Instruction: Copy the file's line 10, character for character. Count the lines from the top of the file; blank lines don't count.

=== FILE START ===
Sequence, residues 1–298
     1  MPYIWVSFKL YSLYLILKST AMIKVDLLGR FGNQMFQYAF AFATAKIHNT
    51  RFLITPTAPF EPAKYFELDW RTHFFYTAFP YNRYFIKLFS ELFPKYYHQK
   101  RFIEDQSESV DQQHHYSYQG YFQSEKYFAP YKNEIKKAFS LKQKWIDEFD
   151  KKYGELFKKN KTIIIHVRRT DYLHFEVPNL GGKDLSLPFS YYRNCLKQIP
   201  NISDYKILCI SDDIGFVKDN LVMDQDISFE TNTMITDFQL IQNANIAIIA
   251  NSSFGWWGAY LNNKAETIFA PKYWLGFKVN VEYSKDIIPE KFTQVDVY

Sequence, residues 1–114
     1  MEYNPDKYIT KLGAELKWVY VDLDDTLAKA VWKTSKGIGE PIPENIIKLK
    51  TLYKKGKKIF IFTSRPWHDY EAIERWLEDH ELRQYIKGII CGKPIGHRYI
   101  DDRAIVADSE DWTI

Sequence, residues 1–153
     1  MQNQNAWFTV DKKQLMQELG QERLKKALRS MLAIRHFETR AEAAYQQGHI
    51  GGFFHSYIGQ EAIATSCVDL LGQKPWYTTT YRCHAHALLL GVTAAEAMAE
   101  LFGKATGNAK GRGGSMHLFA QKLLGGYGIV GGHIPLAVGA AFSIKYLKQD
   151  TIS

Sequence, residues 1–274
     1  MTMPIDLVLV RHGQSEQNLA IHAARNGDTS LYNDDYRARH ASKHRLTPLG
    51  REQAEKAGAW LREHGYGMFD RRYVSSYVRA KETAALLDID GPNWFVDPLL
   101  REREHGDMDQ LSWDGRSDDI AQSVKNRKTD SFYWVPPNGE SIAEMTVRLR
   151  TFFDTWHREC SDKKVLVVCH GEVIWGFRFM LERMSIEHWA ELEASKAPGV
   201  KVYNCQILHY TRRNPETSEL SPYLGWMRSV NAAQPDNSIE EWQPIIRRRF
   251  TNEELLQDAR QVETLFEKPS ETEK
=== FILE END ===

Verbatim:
    51  TLYKKGKKIF IFTSRPWHDY EAIERWLEDH ELRQYIKGII CGKPIGHRYI